2. We also may be unaware of unconscious images of God, the Self, the divine, whatever name we use. Researchers in the psychology of religion found that a sacred god image can develop through an individual’s life span, from an unconditional mother to a protector father to a Creator to a more symbolic savior/protector. But most of the time our god images lie dormant and neglected, casting a spell over us, outside of awareness. If our childhood representations remain as we grow into adulthood, we will find our minds are in idolatry and the soul’s longing misdirected.
This is a little-known developmental task for late life: to reimagine our images of the divine. If they don’t fit us—our stage of life, gender, ethnicity, experience—they may no longer serve as divine guides but, instead, sabotage our conscious spiritual intentions.
My client Steve, at the age of sixty-five, identified himself as a Buddhist and practiced mindfulness. But, in his shadow, a wrathful Pope-like figure was sending him to hell for his sexual fantasies, no matter how much he tried to purify his mind.
As Bob Dylan put it, “You’re gonna have to serve somebody.” If, unconsciously, we are obeying divine images that do not encourage the evolution of our soul, then we need to reimagine them.
3. Every mystical or perennial tradition teaches that it’s only through direct experience of pure awareness (or emptiness, transcendence, or whatever name we use) that we can move beyond ego and cross the threshold from role to soul. They also teach that late life is the time to turn our attention within. We no longer need to go, go, go, carrying the burden of big responsibilities. Instead, we can slow, sit, breathe, and allow our minds to settle down into an open, spacious, contentment, without struggle or resistance. We can discover how our minds work and who we really are.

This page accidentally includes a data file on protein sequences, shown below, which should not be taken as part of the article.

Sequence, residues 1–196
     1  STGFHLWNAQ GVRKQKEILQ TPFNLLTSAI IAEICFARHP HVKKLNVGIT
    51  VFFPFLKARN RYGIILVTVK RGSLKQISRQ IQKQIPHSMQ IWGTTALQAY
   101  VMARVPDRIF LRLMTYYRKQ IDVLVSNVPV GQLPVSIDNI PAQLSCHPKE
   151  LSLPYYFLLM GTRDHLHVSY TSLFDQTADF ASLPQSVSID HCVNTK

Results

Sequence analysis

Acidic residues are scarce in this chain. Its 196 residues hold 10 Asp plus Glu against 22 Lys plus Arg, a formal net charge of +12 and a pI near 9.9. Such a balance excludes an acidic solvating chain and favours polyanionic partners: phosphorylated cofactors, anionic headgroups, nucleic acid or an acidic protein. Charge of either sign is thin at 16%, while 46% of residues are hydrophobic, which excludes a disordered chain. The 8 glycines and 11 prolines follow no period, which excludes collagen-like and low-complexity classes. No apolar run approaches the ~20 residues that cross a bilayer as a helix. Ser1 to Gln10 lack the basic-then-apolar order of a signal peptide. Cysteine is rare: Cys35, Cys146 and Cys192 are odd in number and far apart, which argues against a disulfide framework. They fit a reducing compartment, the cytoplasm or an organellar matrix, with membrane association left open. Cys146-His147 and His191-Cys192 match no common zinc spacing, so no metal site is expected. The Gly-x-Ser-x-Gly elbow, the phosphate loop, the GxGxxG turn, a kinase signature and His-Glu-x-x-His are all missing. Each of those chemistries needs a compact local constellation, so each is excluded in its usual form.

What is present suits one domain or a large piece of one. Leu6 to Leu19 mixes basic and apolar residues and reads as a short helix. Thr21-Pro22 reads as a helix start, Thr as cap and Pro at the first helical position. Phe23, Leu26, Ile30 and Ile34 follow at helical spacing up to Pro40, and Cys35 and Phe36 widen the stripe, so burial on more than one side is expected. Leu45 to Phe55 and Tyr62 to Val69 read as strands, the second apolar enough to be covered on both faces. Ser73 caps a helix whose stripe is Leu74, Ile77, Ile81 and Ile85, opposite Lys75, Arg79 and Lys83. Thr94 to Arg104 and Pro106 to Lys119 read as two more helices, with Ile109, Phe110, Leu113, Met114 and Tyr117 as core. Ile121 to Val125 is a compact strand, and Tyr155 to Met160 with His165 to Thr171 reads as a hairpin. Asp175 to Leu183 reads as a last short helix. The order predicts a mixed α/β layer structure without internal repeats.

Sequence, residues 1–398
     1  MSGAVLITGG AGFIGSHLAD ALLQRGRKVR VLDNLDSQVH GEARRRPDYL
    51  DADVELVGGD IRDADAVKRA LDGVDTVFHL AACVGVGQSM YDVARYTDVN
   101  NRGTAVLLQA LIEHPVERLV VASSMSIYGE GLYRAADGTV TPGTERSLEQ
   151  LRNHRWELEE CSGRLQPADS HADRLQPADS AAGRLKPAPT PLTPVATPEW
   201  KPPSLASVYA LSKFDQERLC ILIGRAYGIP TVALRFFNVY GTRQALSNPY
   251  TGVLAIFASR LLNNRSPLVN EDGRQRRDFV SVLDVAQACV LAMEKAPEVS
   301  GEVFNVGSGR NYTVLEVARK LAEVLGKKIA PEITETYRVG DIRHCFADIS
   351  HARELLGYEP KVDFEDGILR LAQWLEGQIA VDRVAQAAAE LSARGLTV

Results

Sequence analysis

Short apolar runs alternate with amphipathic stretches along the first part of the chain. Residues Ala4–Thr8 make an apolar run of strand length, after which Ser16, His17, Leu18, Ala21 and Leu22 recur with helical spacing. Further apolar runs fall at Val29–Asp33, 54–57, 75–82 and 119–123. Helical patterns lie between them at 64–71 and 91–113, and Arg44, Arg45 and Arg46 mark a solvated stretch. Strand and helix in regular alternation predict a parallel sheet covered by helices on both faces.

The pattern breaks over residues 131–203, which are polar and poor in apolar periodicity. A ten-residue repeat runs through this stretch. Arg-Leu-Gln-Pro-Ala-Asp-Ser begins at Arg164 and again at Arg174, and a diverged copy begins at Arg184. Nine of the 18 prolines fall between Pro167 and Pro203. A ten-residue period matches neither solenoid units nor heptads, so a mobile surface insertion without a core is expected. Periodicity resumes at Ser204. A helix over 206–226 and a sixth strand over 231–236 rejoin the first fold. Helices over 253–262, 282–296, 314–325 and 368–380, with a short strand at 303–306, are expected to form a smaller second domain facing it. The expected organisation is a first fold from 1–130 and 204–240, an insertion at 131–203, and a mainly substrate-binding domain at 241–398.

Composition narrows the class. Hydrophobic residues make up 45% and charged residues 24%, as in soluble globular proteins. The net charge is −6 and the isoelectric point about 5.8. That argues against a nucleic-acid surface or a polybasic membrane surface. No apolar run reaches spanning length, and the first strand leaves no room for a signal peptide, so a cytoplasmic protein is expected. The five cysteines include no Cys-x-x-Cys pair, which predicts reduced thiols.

Different contemplative practices work at different times in our lives. Some use mindfulness, martial arts, chanting, contemplative prayer, or hatha yoga to maintain flexibility. As we struggle with physical and emotional challenges, extensive research indicates that meditation has profound physical and emotional impact. And it offers a silent refuge from the noise of daily life.
To reclaim our light from projection onto teachers and clergy, we need our own direct spiritual experience. A belief about it is not enough. We need to allow ourselves to dip into inner silence and expand into the vastness.
We may avoid or resist this contemplative time. But, deep inside, many of us feel a restless stirring, the soul’s longing for more. This is the teaching of every mystical tradition: We yearn for something beyond ego, a transcendental awareness that connects us to the divine. There are many paths, but they all lead to this direct inner experience. As our connection to pure awareness stabilizes, and our awareness rests in it more and more, we begin to reclaim our light—and would not imagine giving it away.
We can respect and even revere others without projecting our light onto them. In this way, we reinvent spirituality from the inside out.
Excerpted with permission from The Inner Work of Age: Shifting from Role to Soul, by Connie Zweig, PhD.
Connie Zweig, PhD, is a retired psychotherapist, former executive editor at Jeremy P. Tarcher Publishing, former columnist for Esquire magazine, and contributor to the LA Times. Known as the Shadow Expert, she is the coauthor of Meeting the Shadow and Romancing the Shadow and author of Meeting the Shadow of Spirituality and a novel, A Moth to the Flame: The Life of Sufi Poet Rumi. https://conniezweig.com.